We’ve seen it time and time again … teens come into Mass; they start attending Life Night and other Church activities. Then we see them spending time in daily prayer, meditating on Sacred Scripture, reading their Catechism and even reciting the Rosary.
Then, one by one, some begin to fall away. They approach obstacles in living out their faith; they question their beliefs; they fall into ruts of spiritual dryness; they fail in a devotion they were carrying out; they confront problems at home; they are challenged and pressured by friends; they develop an unhealthy relationship with a boyfriend or girlfriend … the list goes on.
These are the teens that break our hearts. We see a great movement in their soul. We see the love of God taking control of their life. We witness their joy and peace. Then, all of a sudden, they fall off the edge of the map. We are at a loss for words – but thankfully, not at a loss for prayer. Often, we lack the words to discuss this phenomenon that has occurred in their spiritual lives. The reason for this impairment is that we are missing the link for why these teens have fallen away from God in the first place.
Well, I think I may have found (or, more appropriately, read about) that missing link that we often times overlook in these spiritual battles of our teens.
Jim Beckman, in his book, God, Help Me: How to GROW in Prayer, reminds us of the basic spiritual principles of consolation and desolation according to the Spiritual Exercises of St. Ignatius Loyola, and how they relate to a young person’s life.
“I find that many young adults experience a period of doubt and confusion and just abandon their faith. They don’t see the desolation they are experiencing as an opportunity for spiritual growth; they see it as themselves!”
These young people, and we as youth ministers, often forget the various battlefields of spiritual warfare. We forget to remember the intensity of spiritual warfare at the individual level. We overlook the seemingly small obstacles as intense moments of spiritual warfare going on in the hearts of our teens. We forget to pass on the message of this warfare to our teens in a timely manner. We rejoice with them in the consolations bestowed on them by God without preparing them for the inevitable times of desolation.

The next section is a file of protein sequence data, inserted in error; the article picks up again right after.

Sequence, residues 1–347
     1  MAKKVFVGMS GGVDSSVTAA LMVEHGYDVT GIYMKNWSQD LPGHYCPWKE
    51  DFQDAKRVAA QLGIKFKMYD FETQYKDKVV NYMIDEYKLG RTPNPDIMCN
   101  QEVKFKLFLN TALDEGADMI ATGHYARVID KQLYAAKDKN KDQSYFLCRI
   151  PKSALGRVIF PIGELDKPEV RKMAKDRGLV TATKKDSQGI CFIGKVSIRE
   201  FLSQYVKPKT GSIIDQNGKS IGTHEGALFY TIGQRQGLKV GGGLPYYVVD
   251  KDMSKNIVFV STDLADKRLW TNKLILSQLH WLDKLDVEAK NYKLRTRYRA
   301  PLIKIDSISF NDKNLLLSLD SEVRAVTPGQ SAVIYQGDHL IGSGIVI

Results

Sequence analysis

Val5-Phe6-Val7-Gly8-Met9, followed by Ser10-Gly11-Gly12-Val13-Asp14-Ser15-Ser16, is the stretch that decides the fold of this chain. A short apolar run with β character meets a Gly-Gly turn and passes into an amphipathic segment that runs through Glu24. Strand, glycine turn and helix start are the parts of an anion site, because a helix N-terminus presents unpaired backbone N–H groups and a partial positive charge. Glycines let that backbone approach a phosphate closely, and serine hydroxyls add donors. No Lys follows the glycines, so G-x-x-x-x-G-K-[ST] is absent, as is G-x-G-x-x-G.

Desolation, in all its forms, and the whole concept of spiritual warfare is something that we cannot overlook or forget as youth ministers. We must remember, as the Church does almost nightly in the Liturgy of the Hours, that our “opponent the devil is prowling about like a roaring lion waiting for someone to devour” (1 Peter 5:8). We must be “sober and vigilant” against these attacks by the Evil One in our own spiritual lives and the in the spiritual lives of our teens.
Our duty as youth ministers is to help our teens map out the terrain of spiritual warfare and recognize the tactics of the Devil. We must demonstrate to them that the Evil One attacks the world not only in great ways, but that he is constantly attacking in little ways throughout their lives, such as trying to convince them to run out on prayer because nothing is happening or they are getting bored; giving up on God because He seems to have given up on their family relationships; or thinking they cannot be offered mercy because they have gone “too far” in an unhealthy dating relationship.
Guiding Through the Desert
To help the teens through desolation, we can offer them various tools for getting through this spiritual dryness. One important tool is to be realistic with teens and remind them that everything is not always “sunshine and lollipops.” There is bound to be a time when God seems absent or may place struggles in our lives, but this can help us grow closer to Him. While this advice may put a bit of a damper on all the consolation being received, it is a reality that must be presented.
Another tool we can offer the teens is our accountability. When we know or perceive there to be desolation in a teen’s spiritual life we can, gently and charitably, remind the teen to continue running the race because the reward of Heaven is totally worth (cf. 1 Corinthians 9:24-27) the “trial by fire” (1 Peter 4:12) that desolation places in our life.
In all of this, however, the greatest tool that can be offered to the teens is Christ crucified. Help the teen connect their desolation to the experience of Christ on the cross. Remind them that Christ Himself cried out, in the words of Psalm 22, “My God, my God, why have you abandoned me?” (Mark 15:34). This should simply call to mind the truth that no matter how deep the experience of desolation may be, the Lord hears us and is truly present with us.
Let’s be sure to join the teens on these dramatic journeys in their soul. Let us remind them that while the spiritual life has its ups, just like a roller coaster, it has its downs. Let us offer them the tools to be prepared to journey with Christ in every season.